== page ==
South Sudan’s Ministry of Agriculture and Food Security in partnership with the International Committee of the Red Cross (ICRC) on Friday, launched two cassava crop varieties.
It said that the two cassava crop varieties were imported from the Democratic Republic of the Congo (DRC).
Andrea Heath, deputy head of the ICRC Delegation in South Sudan, said the Mayombe and Sawasawa that were resistant to cassava mosaic disease and streak virus would improve food productivity, thus helping mitigate chronic hunger.
“Cassava is a crucial component of household food security in many communities in South Sudan, and it continues to grow in importance.
“It is affected by various diseases like cassava mosaic disease, brown streak virus, in addition to poor agricultural practices severely undermining production,’’ Heath said during the certification ceremony in Juba, the capital of South Sudan.
More than 7.7 million people or two-thirds of the population in South Sudan are facing a crisis or worse levels of hunger.
In addition, 1.4 million children under five years of age were facing acute malnutrition, according to the World Food Programme (WFP).
In 2019, the ICRC imported these resistant varieties from the DRC and also introduced them in the Central Africa Republic.
Heath said that the two cassava varieties had proven great success, in terms of improving food productivity and keeping the virus at bay after being piloted in Eastern Equatoria and Western Equatoria states, both in South Sudan.
Loro George Leju Lugor, director-general for research, training and extension service in the Ministry of Agriculture and Food Security, said they were now planning to hand out these new varieties to specific farmers in selected parts of the country.
George Tadu, director- general of research in the Ministry of Agriculture and Food Security, said cassava remained an important food crop in most parts of the Equatoria region, where cassava roots and leaves were widely eaten.
“Cassava mosaic disease is common in all of the cassava growing areas, and it is really a problem.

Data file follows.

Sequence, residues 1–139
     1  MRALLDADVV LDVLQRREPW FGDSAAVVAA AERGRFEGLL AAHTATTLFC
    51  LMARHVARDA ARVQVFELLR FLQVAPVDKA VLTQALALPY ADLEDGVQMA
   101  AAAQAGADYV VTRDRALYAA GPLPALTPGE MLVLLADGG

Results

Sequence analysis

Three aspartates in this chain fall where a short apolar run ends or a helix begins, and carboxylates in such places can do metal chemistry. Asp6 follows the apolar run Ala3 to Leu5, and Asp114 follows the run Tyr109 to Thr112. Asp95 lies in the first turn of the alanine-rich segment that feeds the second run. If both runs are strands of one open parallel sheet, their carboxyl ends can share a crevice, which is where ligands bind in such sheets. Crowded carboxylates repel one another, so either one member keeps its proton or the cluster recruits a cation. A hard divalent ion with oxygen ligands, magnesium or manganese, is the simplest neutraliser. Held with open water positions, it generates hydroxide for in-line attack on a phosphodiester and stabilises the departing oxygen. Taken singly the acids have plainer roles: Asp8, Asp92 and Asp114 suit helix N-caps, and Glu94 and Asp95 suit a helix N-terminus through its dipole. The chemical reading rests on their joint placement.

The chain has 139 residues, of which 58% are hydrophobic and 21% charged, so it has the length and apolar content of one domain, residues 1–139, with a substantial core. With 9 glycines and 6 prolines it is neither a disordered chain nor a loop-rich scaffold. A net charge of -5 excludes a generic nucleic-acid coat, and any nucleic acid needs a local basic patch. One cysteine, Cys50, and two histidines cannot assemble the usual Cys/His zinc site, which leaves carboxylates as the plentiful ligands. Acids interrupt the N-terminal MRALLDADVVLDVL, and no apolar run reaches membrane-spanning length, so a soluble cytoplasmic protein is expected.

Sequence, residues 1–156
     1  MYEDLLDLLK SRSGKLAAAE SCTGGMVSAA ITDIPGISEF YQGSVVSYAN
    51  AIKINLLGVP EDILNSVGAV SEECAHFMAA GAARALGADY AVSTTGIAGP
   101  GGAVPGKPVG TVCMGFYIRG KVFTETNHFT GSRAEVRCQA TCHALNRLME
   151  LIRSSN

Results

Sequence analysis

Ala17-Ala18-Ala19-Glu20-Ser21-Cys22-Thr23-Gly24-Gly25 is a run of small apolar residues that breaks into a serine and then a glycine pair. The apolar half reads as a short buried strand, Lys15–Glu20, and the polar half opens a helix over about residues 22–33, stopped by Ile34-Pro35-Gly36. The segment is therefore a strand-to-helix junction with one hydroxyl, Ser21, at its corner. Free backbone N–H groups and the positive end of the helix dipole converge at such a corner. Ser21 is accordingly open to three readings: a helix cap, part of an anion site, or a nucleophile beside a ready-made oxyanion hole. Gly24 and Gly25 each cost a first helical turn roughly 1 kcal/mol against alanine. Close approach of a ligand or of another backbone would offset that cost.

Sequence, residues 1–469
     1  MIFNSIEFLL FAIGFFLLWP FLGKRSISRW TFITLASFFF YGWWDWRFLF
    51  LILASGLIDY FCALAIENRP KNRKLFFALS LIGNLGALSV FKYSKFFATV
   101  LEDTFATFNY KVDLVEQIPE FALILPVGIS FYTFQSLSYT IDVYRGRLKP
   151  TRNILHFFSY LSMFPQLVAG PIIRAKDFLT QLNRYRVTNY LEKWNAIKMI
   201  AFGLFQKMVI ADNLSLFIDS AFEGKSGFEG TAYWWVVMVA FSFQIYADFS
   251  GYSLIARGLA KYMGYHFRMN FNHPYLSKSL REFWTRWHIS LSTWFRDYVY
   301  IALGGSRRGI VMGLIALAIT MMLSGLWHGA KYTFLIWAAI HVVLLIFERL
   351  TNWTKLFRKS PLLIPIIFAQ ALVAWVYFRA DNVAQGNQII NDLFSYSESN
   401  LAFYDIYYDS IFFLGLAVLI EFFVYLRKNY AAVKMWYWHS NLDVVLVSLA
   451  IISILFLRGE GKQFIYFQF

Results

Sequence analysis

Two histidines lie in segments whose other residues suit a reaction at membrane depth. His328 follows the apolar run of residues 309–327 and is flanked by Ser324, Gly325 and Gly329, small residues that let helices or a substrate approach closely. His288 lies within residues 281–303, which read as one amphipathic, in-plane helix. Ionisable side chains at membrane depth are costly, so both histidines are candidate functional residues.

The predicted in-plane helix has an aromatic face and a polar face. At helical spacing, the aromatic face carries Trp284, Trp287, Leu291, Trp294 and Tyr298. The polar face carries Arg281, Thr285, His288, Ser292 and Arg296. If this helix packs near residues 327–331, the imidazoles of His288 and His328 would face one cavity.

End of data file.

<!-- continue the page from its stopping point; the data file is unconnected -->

“Cassava streak virus was identified in Western Equatoria state since 2006, it is a much more serious disease than cassava mosaic, and these varieties if released will help increase the farmers’ resilience to disease pressure,’’ Tadu said.
He added that these new high-yielding cassava varieties would improve food and income security for farmers in cassava-growing areas.
“We also want to train people who are involved in cassava multiplication, train farm monitors, extension workers to do rapid multiplication of these varieties.
Also,we want to disseminate and adapt these cassava mosaic resistant varieties in major parts of the country,’’ Tadu said.
Cassava is a major source of food for more than 200 million people in Africa.
It is also the second most important major source of carbohydrates in Sub-Saharan Africa, and about 40 per cent of the population in Sub-Saharan Africa depends on cassava.
Simon Duku, lecturer in the School of Natural Resources at the University of Juba, said South Sudan needed to intensify agricultural research activities in order to find a variety of crops that could adapt to different climatic conditions.
“We still don’t have clear crop varieties that are adapted to our climate, so we really need to do a lot of research work to adapt some varieties to some specific regions in South Sudan.
“We know the challenges of food insecurity that we are encountering; I actually encourage such kinds of activities,’’ he said. (Xinhua/NAN)
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